President Trump, his wife Melania and National Security Adviser John Bolton travelled on Air Force One to al-Asad airbase, west of Baghdad, to meet military personnel in the base’s canteen. The US still has some 5’000 troops in Iraq to support the government in its fight against what remains of the Islamic State group.
It was his first visit to the region.
During the visit he got a standing ovation from troops as he entered a dining hall and walked around greeting them, posing for selfies and signing autographs.He said the reason for the visit was to personally thank them for helping to defeat the Islamic State, adding: “ Two years ago when I became president, they were a very dominant group, today they’re not so dominant any more. Great job. ”
He then defended his decision to withdraw forces from neighboring Syria and declared that the Islamic State is “very nearly defeated” while making his first visit to a conflict zone as commander in chief.
The President used his visit to al-Asad Air Base to amplify his call to draw down the U.S. presence in foreign wars and assert his personal influence over the military at a moment of perceived turmoil at the Pentagon.
Accompanied by first lady Melania Trump, the President sounded a triumphant note as he addressed U.S. service members on the day after Christmas. “We’re no longer the suckers, folks,” he said. And he warned that he was committed to withdrawing troops from foreign wars even when his administration’s experts object.
President Trump said the US could use Iraq as a forward base if it “wanted to do something in Syria”, news agencies report. Defending his decision to withdraw US troops from Syria during the visit, he said: “A lot of people are going to come around to my way of thinking. I made it clear from the beginning that our mission in Syria was to strip ISIS of its military strongholds.
“Eight years ago, we went there for three months and we never left. Now, we’re doing it right and we’re going to finish it off.”
“The United States cannot continue to be the policeman of the world,” Trump said. “It’s not fair when the burden is all on us, the United States.”
After a briefing with military and diplomatic leaders on the ground, President Trump strongly defended his decision to pull out of Syria. But he said he had no plans to withdraw American forces from Iraq, which he said the United States could use as a staging ground in the heart of the Middle East from which to combat Iran, or someday reenter Syria.
“If we see something happening with ISIS that we don’t like, we can hit them so fast and so hard . . . they really won’t know what the hell happened,” Trump said. “But it’s time to get our soldiers out.”
President Trump’s sudden decision last week to withdraw troops from Syria led the US Defense Secretary Jim Mattis and Brett McGurk, the U.S. envoy to the global coalition fighting the Islamic State, to resign in protest.
The President, who spent the holiday at the White House amid a partial federal government shutdown, departed Joint Base Andrews near Washington aboard Air Force One at 12:06 a.m. Wednesday. He flew in the dark of night in an attempt to preserve operational security.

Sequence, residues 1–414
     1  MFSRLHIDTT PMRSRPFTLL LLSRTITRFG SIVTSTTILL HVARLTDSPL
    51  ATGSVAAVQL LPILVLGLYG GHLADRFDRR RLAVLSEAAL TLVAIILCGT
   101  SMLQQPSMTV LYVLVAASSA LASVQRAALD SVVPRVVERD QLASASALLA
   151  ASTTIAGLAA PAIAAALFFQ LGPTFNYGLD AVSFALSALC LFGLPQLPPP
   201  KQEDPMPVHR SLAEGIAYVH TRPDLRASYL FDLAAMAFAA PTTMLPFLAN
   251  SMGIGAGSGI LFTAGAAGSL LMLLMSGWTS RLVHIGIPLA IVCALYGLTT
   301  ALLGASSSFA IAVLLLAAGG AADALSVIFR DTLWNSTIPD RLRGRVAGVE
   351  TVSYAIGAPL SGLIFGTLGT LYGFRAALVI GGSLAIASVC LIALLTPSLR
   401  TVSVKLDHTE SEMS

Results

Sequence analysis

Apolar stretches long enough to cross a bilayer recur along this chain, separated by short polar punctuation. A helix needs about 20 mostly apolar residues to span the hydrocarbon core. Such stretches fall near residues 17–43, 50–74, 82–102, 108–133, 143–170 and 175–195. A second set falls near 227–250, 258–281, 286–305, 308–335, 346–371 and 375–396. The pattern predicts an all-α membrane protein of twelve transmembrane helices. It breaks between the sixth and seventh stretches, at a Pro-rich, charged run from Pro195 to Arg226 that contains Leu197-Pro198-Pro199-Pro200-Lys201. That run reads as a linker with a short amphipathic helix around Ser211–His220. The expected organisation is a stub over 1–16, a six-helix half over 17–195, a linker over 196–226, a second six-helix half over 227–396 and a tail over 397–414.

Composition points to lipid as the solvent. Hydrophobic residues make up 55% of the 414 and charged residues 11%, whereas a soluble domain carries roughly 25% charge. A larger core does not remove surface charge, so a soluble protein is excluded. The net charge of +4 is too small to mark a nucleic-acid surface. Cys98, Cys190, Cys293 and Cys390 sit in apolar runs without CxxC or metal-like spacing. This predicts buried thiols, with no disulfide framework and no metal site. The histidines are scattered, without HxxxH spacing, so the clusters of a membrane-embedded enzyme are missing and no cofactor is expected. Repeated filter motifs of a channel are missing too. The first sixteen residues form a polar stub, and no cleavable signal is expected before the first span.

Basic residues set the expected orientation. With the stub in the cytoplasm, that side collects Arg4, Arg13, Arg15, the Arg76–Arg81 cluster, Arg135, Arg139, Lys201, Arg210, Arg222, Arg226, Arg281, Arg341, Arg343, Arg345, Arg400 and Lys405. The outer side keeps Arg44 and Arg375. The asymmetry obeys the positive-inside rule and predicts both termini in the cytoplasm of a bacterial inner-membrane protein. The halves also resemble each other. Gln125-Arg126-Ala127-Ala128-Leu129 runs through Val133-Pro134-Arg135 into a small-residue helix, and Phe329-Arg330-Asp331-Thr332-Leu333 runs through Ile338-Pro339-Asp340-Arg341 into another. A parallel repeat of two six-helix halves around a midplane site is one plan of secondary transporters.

Trump’s cover risked being blown by eagle-eyed social media users. A Twitter user in Germany posted that he had tracked an aircraft that could be Air Force One, while a British-based Flickr user later posted a photo of a plane bearing the presidential aircraft’s blue-and-white color scheme flying through clear skies over Yorkshire.
Asked why he decided to visit Iraq, President Trump told reporters: “It’s a place that I’ve been talking about for many years. And many, many years, before it started, I was talking about it, as a civilian.”
The president added, “I want to come and pay my respects, most importantly, to the great soldiers, great troopers we have here.” Even if President Trump initially supported the invasion of Iraq in 2003, he later criticized the effort. He was also critical of President Barack Obama’s withdrawal from Iraq in 2011, saying the move created the Islamic State.
The unannounced visit continues a holiday tradition followed by past presidents.
Although President Trump had previously addressed U.S. troops stationed overseas, including in Italy, Japan and South Korea, he had drawn criticism for not having visited those deployed to combat zones.
Vice President Pence visited Afghanistan on Dec. 22, 2017, to address troops and meet with commanders at Bagram air base near Kabul.
Al-Asad Air Base is northwest of Ramadi, a city that the Islamic State captured before U.S.-backed Iraqi forces retook the area.
Trump said he considered the safety risks in making his first trip to a war zone.
“I had concerns for the institution of the presidency,” he told reporters. “Not for myself, personally. I had concerns for the first lady, I will tell you. But if you would have seen what we had to go through, with the darkened plane, with all windows closed, with no lights on whatsoever, anywhere — pitch black. I’ve never seen it. I’ve been in many airplanes — all types and shapes and sizes. I’ve never seen anything like it.”
“So did I have a concern?” he added. “Yeah, I had a concern.”
With Philip Rucker and Paul Sonne